US presidential elections 2020: Joe Biden backs wisdom over youth in batting away worries over age

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Published: August 4, 2019 7:41:49 AM

Biden argued that his wisdom has given him confidence that what’s often termed a broken political system in the U.S. can be fixed.

Biden said he’s been warning about the impact of climate change since the 1980s and introduced the first bill on the issue in the Senate. (File photo)Biden said he’s been warning about the impact of climate change since the 1980s and introduced the first bill on the issue in the Senate. (File photo)

Democratic presidential front-runner Joe Biden swatted away concerns about his advanced age as he spoke Saturday at a 55-plus community, asserting that his experience has given him wisdom that would serve him well as president.
“You’re too old to understand, but by the way you don’t have any experience,” the former vice president, 76, said, suggesting he’s heard that before. The line drew laughter from the mostly gray-haired crowd in Sun City, a planned retirement community in Las Vegas.

“Hopefully, you know, experience generates some wisdom,” he continued, to applause and nodding heads. Biden’s speech was peppered with discussion of issues that are especially important to older voters, including cutting drug prices, fighting cancer and other diseases, and protecting Medicare and Social Security.

Biden argued that his wisdom has given him confidence that what’s often termed a broken political system in the U.S. can be fixed.

Still Cutting Edge
“We have to bring the nation together. I’m told, ‘can’t do that, that’s naïve, that’s past, that’s when you were a senator, that was 10 years ago, you were able to do that, all has changed.’ Well, guys, our whole system is built on consensus,” he said, and if it can’t be repaired, “we’re in real trouble.”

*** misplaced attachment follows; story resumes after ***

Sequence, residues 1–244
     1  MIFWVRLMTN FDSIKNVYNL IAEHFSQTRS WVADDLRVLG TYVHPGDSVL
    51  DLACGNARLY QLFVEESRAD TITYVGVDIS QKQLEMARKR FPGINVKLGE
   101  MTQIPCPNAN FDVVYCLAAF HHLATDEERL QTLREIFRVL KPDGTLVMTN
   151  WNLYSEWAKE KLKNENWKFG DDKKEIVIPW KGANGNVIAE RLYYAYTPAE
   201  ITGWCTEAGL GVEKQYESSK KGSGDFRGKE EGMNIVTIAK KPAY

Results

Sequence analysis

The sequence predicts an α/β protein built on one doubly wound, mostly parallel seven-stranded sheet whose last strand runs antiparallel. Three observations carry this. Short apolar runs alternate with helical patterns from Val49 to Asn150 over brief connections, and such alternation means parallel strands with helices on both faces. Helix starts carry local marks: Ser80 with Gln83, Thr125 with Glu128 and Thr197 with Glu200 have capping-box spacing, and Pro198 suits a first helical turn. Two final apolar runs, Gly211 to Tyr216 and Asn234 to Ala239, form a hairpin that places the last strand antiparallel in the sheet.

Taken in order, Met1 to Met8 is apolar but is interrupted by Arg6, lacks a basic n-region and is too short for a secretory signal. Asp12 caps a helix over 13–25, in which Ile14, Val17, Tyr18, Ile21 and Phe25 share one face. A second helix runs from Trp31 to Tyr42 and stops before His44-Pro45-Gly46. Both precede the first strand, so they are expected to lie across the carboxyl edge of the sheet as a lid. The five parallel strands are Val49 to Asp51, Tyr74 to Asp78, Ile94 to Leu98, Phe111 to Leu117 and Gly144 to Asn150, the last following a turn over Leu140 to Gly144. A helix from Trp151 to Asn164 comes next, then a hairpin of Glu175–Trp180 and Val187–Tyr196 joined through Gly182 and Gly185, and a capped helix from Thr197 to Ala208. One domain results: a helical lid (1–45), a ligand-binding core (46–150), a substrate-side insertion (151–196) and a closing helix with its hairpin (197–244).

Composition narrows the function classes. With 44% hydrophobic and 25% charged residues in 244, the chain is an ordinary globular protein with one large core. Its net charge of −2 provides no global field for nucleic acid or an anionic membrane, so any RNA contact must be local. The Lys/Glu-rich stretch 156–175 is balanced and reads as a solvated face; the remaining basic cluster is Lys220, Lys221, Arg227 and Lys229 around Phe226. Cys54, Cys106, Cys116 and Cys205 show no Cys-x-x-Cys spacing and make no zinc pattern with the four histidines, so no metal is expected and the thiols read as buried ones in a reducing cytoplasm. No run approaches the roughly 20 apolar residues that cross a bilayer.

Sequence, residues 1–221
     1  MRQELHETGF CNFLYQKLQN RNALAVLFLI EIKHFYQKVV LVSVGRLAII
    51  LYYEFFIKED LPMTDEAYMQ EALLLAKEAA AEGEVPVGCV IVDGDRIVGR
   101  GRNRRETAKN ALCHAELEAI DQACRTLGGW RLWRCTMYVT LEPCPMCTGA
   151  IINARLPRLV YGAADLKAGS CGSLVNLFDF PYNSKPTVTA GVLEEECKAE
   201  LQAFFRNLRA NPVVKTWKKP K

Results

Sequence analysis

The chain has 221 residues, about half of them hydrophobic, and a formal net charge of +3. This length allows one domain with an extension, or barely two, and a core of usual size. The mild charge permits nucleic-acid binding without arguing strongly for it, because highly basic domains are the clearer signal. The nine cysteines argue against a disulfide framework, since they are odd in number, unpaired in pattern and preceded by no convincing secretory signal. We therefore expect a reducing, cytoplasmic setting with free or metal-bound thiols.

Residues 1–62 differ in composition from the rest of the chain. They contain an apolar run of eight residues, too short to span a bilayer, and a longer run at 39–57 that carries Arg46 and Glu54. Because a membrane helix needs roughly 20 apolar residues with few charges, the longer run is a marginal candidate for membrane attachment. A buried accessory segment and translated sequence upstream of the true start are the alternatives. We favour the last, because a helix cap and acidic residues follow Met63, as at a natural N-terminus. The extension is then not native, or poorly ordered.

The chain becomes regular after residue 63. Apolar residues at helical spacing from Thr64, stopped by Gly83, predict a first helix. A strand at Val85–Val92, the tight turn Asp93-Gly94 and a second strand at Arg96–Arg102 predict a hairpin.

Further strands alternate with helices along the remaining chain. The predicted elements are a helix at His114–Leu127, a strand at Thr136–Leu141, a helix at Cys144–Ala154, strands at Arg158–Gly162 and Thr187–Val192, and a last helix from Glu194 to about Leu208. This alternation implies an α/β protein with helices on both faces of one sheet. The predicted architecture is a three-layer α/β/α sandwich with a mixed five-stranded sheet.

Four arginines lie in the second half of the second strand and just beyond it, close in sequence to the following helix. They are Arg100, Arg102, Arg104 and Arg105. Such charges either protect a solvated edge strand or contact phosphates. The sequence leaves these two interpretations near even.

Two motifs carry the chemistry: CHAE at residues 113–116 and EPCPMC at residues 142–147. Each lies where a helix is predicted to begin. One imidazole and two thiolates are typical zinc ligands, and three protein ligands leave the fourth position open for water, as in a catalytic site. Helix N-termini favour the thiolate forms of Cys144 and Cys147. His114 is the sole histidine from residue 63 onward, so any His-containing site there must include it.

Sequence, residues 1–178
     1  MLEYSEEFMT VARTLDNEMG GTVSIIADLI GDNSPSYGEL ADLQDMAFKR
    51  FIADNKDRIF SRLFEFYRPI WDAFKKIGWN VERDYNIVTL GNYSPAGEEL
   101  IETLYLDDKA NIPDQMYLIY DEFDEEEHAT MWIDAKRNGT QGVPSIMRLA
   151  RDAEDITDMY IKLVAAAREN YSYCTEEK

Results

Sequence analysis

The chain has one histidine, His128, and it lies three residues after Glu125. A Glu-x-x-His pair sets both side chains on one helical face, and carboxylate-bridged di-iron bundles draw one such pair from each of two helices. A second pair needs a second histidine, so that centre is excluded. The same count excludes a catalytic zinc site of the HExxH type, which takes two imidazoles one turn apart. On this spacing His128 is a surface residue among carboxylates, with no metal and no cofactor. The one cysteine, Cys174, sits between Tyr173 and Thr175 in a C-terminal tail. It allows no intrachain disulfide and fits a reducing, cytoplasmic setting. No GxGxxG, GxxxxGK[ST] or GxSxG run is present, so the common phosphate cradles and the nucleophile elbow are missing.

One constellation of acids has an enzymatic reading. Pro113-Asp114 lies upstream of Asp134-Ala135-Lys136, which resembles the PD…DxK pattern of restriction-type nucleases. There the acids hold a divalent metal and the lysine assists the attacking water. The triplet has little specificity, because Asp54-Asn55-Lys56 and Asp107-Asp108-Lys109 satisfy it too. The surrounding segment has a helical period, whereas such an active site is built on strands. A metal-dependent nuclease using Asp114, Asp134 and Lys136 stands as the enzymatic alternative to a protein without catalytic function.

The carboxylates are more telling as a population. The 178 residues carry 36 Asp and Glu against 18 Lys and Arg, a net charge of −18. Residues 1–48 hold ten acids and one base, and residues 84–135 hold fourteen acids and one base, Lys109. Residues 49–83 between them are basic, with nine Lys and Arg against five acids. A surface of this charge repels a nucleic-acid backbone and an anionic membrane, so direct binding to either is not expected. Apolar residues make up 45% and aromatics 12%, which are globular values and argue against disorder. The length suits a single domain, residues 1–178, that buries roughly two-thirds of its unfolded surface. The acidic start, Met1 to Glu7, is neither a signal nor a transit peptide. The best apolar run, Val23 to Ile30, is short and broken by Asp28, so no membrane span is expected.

Biden also suggested that while he’s older than all but one Democratic presidential candidate — Senator Bernie Sanders, who terms 78 next month — he’s still on the cutting edge and has a personal stake in what happens to the country.

Biden said he’s been warning about the impact of climate change since the 1980s and introduced the first bill on the issue in the Senate.

“Now I’m being told that it’s not up to my generation, or your generation. We don’t have an interest in it,” he said. “It’s only somebody who is 38 years old.” That may have been a jab at 38-year-old Representative Eric Swalwell, who dropped out last month. The California lawmaker exited the race after the June candidates’ debate, where he attempted to attack Biden for being too old.

Another presidential hopeful, South Bend, Indiana, Mayor Pete Buttigieg, 37, has made more veiled efforts to argue for new faces in among Democrats. “Our party is certainly ready to lift up leaders from a new generation,” Buttigieg said on NBC’s “Today Show” in May.

Climate, Retail
Regarding climate change, Biden said many older Americans’ wealth is largely invested in their homes, which may be threatened by flooding and other natural disasters that are becoming more common as the planet warms.

The rise of online retailer Amazon.com Inc., meanwhile, has contributed to the loss of thousands of retail jobs, where he said average age of workers is 50. “Where do they go for the next 30 years?” Biden wondered.

To cap it all, said Biden, “I’ve never met somebody over 55 who doesn’t care as much about what’s happening to their children and grandchildren than they do about themselves.”

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